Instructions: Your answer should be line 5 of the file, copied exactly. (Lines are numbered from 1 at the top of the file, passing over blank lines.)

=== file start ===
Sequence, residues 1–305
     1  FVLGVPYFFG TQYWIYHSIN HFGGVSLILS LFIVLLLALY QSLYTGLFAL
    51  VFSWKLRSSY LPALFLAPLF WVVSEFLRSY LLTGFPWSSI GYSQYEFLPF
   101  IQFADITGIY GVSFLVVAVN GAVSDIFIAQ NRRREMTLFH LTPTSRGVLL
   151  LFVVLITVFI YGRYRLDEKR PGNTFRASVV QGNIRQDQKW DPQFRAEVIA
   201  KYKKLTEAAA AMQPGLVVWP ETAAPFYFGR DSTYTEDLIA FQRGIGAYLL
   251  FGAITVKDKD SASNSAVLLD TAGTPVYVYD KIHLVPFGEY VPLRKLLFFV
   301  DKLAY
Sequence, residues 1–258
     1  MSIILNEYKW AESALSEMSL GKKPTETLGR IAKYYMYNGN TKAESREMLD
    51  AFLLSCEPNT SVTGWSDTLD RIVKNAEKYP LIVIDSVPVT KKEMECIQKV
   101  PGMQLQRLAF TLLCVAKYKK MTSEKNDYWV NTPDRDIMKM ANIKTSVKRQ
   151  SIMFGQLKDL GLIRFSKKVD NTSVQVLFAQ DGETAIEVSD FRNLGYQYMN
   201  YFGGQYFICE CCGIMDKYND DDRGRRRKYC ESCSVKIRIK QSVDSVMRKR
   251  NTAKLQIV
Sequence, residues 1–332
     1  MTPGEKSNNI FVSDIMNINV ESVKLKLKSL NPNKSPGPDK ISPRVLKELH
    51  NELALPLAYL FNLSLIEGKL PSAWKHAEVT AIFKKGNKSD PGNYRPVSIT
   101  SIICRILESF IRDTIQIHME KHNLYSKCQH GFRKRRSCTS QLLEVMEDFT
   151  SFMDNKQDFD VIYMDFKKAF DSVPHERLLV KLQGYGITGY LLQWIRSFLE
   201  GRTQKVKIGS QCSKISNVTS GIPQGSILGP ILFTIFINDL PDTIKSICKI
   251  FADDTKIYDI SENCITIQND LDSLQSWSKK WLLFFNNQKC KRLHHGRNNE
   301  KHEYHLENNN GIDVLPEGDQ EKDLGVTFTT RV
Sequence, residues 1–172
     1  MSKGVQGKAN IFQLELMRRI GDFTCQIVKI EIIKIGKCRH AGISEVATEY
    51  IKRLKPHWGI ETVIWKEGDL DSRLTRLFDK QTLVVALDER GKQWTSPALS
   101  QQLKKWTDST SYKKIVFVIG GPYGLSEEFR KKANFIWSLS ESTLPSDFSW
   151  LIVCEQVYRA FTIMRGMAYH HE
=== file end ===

   151  LFVVLITVFI YGRYRLDEKR PGNTFRASVV QGNIRQDQKW DPQFRAEVIA